Let's take an example of each. In Jeanne DuPrau's City of Ember (MG), 12-year-olds face a wonderfully daft rite of passage called Assignment Day. It marks the end of their schooling and the beginning of their working (adult) life. The kids literally draw a job out of a hat. The protagonists, Lina and Doon, eventually get the jobs they've been wanting (after a little trading) and joyfully embark on the next phase of their lives as contributing members of their society. There is a little training period but it amounts to learning the trade.
In Veronica Roth's Divergent (YA), all 16-year-olds must choose which faction they want to live and work with for the rest of their lives. After the selection ceremony, though, the real rite of passage begins--the faction initiation and basic training. Those that don't pass end up homeless (or dead). During the training / testing, the protagonist, Tris, questions whether she's made the right choice. Is she one faction or another, or is she something else altogether?
To me, it seems like in YA, the protagonist questions, avoids, and/or transcends the rite itself. The teen years are about exploring your identity—and cultural expectations for it. If you’re choosing a faction to be with, for instance, you have to think about whether this is where you belong—and more importantly is that all that makes you you. In other words, the story is really about defining yourself despite cultural expectations as well as the ability to think beyond your programming. (Tally in the Uglies series is another good example.)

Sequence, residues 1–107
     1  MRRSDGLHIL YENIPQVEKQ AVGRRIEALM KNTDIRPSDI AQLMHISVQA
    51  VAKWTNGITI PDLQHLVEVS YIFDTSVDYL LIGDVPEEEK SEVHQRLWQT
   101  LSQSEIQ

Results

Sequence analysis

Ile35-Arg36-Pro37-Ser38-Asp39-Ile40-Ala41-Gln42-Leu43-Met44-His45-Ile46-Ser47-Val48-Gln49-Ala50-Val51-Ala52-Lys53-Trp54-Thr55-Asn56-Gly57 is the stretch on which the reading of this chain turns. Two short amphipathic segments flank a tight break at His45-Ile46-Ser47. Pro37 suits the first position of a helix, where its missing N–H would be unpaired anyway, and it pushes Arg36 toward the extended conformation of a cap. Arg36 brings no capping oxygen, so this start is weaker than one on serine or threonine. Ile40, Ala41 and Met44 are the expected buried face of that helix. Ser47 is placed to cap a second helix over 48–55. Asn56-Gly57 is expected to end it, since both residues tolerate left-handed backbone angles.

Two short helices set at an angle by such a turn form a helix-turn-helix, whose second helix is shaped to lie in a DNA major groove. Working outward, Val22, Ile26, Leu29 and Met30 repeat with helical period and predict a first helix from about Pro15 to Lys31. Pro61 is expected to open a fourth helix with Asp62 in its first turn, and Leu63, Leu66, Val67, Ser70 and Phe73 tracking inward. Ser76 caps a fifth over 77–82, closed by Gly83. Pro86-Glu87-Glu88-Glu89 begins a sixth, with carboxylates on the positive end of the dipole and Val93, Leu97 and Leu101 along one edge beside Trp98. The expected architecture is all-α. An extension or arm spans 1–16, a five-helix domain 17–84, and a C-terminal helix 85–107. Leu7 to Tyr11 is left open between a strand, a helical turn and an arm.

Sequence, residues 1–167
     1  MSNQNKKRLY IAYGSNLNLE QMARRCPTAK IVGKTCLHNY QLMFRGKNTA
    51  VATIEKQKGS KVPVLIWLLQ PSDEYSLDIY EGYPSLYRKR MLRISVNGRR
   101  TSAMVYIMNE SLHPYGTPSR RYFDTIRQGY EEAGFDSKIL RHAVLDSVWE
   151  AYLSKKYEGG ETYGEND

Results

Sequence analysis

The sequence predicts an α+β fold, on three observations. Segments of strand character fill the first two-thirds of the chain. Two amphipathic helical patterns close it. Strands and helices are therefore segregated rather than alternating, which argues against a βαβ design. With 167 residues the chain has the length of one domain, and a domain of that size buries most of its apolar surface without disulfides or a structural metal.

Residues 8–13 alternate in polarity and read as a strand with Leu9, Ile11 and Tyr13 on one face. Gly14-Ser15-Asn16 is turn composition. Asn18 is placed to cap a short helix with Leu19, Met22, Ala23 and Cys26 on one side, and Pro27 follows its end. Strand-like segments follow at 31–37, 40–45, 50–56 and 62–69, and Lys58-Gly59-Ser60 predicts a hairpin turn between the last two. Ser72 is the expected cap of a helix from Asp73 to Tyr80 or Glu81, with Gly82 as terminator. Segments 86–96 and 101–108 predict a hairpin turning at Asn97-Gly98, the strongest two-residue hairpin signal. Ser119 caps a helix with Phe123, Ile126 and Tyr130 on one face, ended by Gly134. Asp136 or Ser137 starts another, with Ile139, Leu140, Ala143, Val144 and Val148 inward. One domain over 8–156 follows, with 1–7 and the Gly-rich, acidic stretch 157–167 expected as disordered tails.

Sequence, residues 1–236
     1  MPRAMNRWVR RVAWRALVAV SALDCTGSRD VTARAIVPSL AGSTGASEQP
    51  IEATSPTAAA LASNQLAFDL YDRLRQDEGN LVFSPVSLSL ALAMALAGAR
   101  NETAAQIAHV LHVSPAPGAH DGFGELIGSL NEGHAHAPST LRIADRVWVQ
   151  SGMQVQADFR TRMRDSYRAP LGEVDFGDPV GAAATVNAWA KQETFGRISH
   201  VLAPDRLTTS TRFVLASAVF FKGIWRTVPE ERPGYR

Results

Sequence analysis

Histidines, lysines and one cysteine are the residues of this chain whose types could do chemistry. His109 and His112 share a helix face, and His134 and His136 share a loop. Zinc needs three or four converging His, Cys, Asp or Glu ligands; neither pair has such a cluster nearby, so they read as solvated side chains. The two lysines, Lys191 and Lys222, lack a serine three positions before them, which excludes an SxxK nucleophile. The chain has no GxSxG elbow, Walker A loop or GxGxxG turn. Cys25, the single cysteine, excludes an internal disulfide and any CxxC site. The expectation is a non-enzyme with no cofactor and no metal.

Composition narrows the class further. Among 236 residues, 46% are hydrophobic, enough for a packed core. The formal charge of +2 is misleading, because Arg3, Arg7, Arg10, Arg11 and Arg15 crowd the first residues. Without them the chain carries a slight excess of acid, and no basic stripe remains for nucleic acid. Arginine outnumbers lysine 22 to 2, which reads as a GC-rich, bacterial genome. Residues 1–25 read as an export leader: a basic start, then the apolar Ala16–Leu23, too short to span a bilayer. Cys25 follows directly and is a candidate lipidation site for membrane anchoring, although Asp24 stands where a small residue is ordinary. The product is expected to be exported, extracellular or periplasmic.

In MG, though, the protagonists seem to embrace the next stage of growing up. For instance, Lina and Doon don't question their new roles in the society of Ember (well, until they realize it’s doomed, of course.) Ditto with Jonas in the Giver. He too plunges into (though a tad reluctantly) the role of Giver (in training) until he learns how flawed his Utopian society is.
So maybe that's the key difference. Both YA and MG protagonists ultimately question their dystopian societies. However, YA rites of passage are more identity-driven whereas MG ones are more about belonging.
What do you guys think?